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Microsoft does a good deed

Jan 19, 20043 mins
Enterprise ApplicationsMicrosoft

* Microsoft extends the life of Windows 98, ME

I can always count on receiving a handful (or more) vituperative e-mails whenever I say something even remotely nice about Microsoft. Nevertheless, I’m going to do it again – I need an inbox full of “sound and fury,” as Shakespeare put it (look up the reference – Macbeth, Act 5, scene 5).

Late last week, an announcement out of Redmond gave a reprieve to Windows 98 users (and Windows ME users, but there never should have been any ME on your network!). Support for Windows 98 had been due to end last Friday, Jan. 16, but in a surprising (to some) move, Microsoft on Monday announced that it had decided to extend the life of the products until June 30, 2006. That’s an almost two and a half year extension!

According to an IDG News Service story that ran on Network World Fusion (see link below), Microsoft made the move “…to bring Windows 98 [Second Edition] in line with its updated product lifecycle policy.”

Last year, Microsoft proclaimed that products would be supported for seven years from their release date. June 2006 would be seven years after the release of Windows 98 Second Edition in June of 1999.

While some grumbled about support for Win98 ending this month, that fact had been known since the operating system was first released. No one could have blamed Microsoft for sticking to its previously announced timetable. So why did it really do it?

Two factoids suggest a reason:

* Research firm IDC estimates that more than 58 million copies of Windows 98 were installed worldwide at the end of 2003.

* Canada’s AssetMetrix collected data on more than 370,000 PCs from 670 businesses in the U.S. and Canada and found that 80% of those companies have at least one PC running Windows 98 or an earlier operating system and the older operating systems accounted for about 27% of operating systems found.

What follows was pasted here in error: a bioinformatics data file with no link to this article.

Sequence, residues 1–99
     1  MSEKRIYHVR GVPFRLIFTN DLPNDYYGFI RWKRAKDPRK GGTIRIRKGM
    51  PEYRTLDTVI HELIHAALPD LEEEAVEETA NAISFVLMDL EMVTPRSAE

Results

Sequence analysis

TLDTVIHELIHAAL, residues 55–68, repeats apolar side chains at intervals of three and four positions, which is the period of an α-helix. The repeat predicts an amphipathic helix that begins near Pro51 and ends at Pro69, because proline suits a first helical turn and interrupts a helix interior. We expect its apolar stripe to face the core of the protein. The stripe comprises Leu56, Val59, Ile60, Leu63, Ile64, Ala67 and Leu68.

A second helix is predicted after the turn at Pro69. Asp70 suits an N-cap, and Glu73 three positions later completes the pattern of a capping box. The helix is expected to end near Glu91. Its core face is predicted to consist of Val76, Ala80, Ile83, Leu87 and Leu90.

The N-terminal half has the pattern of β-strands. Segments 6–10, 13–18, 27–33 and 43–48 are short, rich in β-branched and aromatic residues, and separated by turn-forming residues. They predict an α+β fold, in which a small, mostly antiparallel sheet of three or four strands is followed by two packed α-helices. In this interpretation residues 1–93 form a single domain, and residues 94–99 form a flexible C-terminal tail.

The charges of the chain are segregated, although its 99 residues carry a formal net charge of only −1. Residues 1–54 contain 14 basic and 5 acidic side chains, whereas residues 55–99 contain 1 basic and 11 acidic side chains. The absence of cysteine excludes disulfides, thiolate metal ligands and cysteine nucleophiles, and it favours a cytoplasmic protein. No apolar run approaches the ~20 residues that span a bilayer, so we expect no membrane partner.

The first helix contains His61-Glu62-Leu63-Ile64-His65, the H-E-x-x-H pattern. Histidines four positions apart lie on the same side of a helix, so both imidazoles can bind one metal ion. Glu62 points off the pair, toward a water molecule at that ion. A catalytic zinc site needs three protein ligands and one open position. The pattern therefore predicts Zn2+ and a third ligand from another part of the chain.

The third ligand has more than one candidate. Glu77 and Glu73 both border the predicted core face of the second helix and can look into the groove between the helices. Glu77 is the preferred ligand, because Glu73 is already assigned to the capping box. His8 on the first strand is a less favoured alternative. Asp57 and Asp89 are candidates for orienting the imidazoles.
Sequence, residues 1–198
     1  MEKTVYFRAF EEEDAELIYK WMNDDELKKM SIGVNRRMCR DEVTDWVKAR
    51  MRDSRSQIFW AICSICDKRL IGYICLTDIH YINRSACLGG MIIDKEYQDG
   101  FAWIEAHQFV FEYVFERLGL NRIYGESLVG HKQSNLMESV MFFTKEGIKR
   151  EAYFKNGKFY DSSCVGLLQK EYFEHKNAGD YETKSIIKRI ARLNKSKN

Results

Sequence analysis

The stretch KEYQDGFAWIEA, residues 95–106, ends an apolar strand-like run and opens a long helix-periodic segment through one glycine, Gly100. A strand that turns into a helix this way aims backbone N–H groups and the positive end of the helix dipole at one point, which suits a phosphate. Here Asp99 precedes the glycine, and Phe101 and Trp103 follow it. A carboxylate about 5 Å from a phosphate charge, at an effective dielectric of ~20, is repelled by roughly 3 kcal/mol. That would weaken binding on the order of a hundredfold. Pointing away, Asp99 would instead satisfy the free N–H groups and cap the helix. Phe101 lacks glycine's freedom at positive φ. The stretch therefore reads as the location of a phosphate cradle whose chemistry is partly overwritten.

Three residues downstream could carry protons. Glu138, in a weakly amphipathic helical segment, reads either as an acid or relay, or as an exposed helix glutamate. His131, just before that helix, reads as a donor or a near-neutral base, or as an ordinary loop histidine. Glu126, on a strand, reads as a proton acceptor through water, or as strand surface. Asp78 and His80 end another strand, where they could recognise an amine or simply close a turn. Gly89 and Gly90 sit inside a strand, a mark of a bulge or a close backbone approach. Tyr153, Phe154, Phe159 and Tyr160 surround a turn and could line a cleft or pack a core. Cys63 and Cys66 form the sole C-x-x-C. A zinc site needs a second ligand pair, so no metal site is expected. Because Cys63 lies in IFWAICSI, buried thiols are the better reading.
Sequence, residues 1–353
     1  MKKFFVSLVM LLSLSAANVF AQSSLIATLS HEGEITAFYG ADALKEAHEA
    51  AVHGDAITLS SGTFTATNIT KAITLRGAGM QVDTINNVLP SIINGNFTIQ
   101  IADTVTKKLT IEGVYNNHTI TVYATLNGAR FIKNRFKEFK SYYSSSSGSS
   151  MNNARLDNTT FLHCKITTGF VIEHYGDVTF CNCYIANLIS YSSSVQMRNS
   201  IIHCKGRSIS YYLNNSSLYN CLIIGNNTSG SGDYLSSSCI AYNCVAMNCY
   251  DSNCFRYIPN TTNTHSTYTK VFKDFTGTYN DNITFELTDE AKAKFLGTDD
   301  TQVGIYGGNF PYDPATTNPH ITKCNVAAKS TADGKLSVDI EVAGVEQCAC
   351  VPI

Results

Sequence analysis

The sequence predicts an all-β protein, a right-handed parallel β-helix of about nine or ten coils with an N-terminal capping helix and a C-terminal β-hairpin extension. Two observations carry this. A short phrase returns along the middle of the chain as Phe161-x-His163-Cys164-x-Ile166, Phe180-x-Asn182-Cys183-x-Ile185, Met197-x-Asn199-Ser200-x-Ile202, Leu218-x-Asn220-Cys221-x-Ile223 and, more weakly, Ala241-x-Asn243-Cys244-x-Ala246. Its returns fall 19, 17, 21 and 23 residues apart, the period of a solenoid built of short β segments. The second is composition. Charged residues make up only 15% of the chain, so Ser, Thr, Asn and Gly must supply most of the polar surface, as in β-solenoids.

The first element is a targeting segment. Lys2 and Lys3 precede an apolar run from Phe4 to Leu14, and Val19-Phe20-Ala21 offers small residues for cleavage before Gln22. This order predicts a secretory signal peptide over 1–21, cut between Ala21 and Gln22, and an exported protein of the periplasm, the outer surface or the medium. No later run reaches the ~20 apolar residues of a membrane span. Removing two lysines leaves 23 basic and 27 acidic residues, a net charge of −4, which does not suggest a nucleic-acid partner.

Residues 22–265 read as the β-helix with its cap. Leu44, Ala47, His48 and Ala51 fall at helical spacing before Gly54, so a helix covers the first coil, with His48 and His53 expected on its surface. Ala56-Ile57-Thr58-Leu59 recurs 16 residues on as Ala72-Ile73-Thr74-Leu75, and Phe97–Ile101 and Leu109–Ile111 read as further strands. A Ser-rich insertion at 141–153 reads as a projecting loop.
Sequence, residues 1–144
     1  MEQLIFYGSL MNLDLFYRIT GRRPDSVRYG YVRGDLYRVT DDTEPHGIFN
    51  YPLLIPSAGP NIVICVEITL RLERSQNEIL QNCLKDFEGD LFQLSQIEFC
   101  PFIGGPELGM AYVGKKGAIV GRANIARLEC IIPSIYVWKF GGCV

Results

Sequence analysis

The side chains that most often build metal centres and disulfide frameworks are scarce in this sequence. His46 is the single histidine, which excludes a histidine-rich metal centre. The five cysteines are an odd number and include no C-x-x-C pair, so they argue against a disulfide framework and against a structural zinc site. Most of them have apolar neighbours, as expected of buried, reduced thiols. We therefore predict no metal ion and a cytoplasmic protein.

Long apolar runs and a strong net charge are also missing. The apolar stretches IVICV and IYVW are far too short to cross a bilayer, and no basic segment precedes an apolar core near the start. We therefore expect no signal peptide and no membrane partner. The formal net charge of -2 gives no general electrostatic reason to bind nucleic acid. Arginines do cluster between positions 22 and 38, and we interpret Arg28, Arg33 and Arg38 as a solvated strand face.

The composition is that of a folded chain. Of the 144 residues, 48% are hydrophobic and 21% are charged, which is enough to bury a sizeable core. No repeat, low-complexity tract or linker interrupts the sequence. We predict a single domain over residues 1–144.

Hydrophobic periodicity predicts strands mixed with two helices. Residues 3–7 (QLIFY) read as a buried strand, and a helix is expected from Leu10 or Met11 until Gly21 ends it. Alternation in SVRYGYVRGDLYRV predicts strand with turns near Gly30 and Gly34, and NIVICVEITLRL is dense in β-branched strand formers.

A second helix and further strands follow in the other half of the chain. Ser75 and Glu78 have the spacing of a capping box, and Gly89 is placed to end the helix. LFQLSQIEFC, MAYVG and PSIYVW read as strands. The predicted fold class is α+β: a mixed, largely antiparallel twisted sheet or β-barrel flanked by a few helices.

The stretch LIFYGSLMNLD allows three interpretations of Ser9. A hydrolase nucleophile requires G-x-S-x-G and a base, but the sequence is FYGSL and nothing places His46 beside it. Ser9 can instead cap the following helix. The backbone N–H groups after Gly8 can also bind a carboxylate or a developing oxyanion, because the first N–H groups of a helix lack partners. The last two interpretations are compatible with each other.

Put those two factoids together and extrapolate and you could conclude that 400,000 organizations world-wide still had at least one PC running Windows 98 or earlier. If they haven’t upgraded them to Windows XP in the three years that XP has been shipping they aren’t likely to do so in the near future. The next desktop version of Windows is due out late next year. A December 2005 release followed by six months of testing in your lab means that by June 2006 you should be ready to roll out that next system just as support for your old operating system is expiring. Not a bad deal at all.

Microsoft could have stuck with its deadline and strong-armed folks into upgrading to Windows XP, but it didn’t. Instead, it took the long view and decided that the benefit of continuing to support Windows 98 could be that users will look more favorably on the company and will plan to upgrade to another Windows operating system in a couple of years. That’s certainly better for Bill Gates & Co., than having customers start looking towards Linux desktops.